Pratt Student Organizations: Resilience During COVID-19

April 1, 2021 | Woodley Burrow

Despite the pandemic, Pratt student organizations find ways to continue to provide enriching experiences to its members

A hanging bridge over a river in a mountainous jungle area

A footbridge built in Bolivia by DEID in 2019.

Logging into a Zoom meeting is now part of our everyday routine. Instead of walking to class, we click a few buttons, and then we find ourselves in remote classes and meetings. This shift to the remote sphere did not happen effortlessly. Students and professors alike gradually learned how to administer work and projects from a distance.

Engineering students especially had to adjust to this remote environment. Typically, projects involve iterating on a physical product, but in the midst of COVID, meeting in person to jointly work on a project has often been infeasible or impossible. Through stories from some of the student organizations in the Pratt School of Engineering, we can see how students have both struggled and succeeded in transitioning to the remote environment.

Duke Engineers for International Development (DEID) focuses on infrastructure projects throughout the world. In the summer of 2019, the organization constructed a footbridge in Bolivia and a vehicular bridge in Uganda. In 2020, the team was slated to construct another footbridge in Bolivia while also participating in a water, sanitation and hygiene (WASH)  project in Indonesia.

A large construction machine in a field in a jungleHowever, following the outbreak of COVID-19, implementation trips for the summer of 2020 were canceled. According to DEID co-President Mia de Leon, a senior in BME, COVID altered club operations significantly. Canceling the implementation trips left 25 club members to find new summer plans. While the cancellation could have resulted in a stagnant summer for DEID, de Leon and fellow co-President Kieryn Ota, a senior studying biomedical engineering as well as electrical and computer engineering, decided to take a critical look at DEID’s operations.

While DEID has been successful in carrying out infrastructure projects, de Leon and Ota recognized that DEID could achieve more by engaging students on-campus and by maintaining meaningful relationships with partner communities. After considerable planning that took place over the summer, DEID managed to rethink its programming.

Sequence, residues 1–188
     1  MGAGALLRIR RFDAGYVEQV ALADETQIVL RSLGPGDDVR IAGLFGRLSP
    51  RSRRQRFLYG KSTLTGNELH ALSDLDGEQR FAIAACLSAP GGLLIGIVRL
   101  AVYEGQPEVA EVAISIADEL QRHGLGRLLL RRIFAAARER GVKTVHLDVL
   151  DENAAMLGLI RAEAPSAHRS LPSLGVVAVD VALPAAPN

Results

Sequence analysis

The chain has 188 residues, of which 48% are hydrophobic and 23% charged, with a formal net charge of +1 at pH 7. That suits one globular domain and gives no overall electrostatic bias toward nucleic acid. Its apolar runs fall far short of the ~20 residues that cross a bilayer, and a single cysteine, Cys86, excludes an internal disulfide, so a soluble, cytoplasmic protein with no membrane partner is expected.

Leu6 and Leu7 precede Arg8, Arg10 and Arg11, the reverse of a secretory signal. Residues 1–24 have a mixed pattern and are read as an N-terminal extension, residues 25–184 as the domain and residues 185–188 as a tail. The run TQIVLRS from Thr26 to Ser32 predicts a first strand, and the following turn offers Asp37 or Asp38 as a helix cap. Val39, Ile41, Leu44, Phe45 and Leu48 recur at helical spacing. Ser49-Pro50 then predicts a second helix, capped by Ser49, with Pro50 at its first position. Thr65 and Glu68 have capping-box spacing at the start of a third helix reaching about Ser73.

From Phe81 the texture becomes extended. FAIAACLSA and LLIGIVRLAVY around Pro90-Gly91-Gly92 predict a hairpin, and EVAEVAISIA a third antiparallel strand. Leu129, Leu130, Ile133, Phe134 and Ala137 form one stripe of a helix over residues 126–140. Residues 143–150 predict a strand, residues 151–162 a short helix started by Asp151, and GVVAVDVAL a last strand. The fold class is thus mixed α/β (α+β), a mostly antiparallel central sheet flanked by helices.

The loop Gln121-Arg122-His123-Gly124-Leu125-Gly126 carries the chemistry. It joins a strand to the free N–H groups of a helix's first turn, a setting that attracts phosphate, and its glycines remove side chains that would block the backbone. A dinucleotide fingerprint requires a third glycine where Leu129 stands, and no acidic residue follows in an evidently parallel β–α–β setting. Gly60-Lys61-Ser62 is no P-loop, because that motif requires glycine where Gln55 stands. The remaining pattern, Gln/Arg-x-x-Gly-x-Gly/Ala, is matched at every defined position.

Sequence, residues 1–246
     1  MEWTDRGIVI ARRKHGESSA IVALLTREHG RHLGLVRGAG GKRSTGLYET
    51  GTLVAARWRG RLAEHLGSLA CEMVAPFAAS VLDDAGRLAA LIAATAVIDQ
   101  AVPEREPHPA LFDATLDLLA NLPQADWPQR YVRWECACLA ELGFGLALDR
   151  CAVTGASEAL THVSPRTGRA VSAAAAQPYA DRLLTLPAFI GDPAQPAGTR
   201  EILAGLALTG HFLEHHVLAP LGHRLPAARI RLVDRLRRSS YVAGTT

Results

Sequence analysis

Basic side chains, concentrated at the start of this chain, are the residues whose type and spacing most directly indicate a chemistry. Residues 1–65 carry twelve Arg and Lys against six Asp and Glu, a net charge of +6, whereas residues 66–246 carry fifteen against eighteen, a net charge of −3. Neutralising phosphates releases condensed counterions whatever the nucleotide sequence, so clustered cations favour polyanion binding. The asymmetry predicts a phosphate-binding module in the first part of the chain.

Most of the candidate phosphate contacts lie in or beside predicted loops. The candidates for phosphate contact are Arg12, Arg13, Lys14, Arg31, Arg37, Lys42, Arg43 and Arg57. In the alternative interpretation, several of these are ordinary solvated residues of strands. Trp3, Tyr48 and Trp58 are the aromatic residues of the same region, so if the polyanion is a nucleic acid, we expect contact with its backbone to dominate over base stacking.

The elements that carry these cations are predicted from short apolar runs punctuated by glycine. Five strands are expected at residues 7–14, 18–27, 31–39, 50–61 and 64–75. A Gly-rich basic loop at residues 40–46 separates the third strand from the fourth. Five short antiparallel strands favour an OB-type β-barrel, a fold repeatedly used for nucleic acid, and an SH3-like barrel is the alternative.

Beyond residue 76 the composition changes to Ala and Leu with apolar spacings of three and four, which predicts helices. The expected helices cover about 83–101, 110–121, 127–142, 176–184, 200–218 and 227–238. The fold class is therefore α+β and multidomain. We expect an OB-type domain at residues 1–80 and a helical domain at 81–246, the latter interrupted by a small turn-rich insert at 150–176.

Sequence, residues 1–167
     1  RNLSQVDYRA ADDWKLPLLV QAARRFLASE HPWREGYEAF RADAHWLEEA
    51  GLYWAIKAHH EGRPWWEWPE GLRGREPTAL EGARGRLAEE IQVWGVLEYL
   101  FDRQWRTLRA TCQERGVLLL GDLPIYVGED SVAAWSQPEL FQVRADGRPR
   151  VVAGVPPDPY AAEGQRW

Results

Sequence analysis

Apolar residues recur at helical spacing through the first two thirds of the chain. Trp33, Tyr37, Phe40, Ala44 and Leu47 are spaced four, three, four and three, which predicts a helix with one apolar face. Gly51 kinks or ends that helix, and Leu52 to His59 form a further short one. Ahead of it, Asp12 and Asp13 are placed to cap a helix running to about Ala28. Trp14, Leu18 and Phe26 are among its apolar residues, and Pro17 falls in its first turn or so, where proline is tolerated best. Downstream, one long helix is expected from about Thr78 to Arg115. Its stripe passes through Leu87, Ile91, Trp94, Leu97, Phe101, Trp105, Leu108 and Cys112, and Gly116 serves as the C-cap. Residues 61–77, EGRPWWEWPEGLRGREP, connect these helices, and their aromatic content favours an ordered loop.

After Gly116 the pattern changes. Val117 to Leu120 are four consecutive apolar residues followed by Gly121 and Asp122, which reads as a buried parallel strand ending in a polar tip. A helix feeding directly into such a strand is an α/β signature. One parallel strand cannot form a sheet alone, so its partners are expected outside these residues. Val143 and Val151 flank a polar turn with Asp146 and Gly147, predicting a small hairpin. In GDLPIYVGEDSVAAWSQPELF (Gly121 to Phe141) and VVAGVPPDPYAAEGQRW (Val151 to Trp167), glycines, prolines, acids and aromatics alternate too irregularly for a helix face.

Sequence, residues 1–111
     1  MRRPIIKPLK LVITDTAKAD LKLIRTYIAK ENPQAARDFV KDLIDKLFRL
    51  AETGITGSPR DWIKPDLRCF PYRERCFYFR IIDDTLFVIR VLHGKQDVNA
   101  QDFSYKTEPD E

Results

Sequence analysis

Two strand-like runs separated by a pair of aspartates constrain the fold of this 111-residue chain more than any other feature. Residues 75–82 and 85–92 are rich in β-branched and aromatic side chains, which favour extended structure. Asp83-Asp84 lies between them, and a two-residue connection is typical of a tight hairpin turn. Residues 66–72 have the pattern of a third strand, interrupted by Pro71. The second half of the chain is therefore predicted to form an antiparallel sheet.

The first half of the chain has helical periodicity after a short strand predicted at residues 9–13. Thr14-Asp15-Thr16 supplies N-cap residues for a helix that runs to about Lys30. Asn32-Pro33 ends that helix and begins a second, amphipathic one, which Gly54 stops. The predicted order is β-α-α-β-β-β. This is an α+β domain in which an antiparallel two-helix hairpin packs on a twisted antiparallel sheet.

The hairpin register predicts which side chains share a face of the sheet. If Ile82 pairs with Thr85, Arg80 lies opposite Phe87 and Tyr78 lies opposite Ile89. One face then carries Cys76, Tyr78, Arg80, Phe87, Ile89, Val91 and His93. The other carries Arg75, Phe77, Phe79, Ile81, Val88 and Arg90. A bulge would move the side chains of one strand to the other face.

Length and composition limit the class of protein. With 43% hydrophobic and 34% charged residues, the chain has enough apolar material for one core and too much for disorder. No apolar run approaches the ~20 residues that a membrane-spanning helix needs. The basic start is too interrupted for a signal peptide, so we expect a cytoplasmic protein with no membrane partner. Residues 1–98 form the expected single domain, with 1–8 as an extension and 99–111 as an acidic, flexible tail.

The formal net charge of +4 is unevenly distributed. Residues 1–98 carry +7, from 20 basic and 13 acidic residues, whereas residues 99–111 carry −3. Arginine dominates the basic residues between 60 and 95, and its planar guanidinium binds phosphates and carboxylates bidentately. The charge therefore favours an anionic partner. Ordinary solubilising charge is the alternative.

DEID successfully hosted multiple speakers, covering topics such as COVID-19, global infrastructure and project ethics. DEID also continued to have project meetings for their various projects, preparing students for the scenario in which travel is feasible by the summer of 2021. By leaning into the educational component of the projects, DEID has been able to meaningfully engage its members, even in an unusual semester.

Masked students working over a work benchThe Duke Motorsports team also endured a drastic change of plans following the COVID-19 outbreak. The team’s main objective is to compete in the nationwide Formula SAE (Society of Automotive Engineers) competition, in which teams from many universities race the vehicles they have been assembling throughout the year. The 2020 competition, which should have occurred in June, was canceled, and an on-line presentation event took place instead. Edgar Uribe, senior mechanical engineering student and leader of Duke Motorsports, described how the pandemic has restricted the team. In the past, Duke Motorsports members would spend hours together in the garage, collaboratively resolving design issues late into the night. But due to COVID-19, Duke Motorsports is only permitting four students to work together at the same time.

A student sitting in a racecar with a helmet onAccording to Edgar, this reduced amount of people has challenged the team, but has also allowed for more organized work. This semester has offered Duke Motorsports a unique opportunity to dive deeper into validating their design. In remote environments, students are spending more time looking at simulations and models. As a result, the team has a stronger understanding of the design, and they feel more confident that they are making correct design decisions. This opportunity to focus on theory and design is raising the knowledge base of the team members, and therefore preparing the team for success moving forward.

Student organizations throughout Pratt have had to handle similar struggles. Canceled plans, canceled projects and remote work have disrupted everyone. However, rather than pause organization operations, Pratt students have looked to improve their projects. These organizations have even innovated by making project teams accessible to remote students.

Most importantly, Pratt students have taken opportunities to develop parts of their projects that were undeveloped before. DEID implemented a new speaker series, Motorsports evaluated their design to a greater degree and the many other organizations of Pratt have responded in similar ways. The resilience demonstrated by Pratt organizations reflects the hard work and consideration provided by student leaders during 2020. These innovative and impressive efforts have set student organizations up for continued success in 2021.

Woodley Burrow is a junior from Houston, Texas studying mechanical engineering.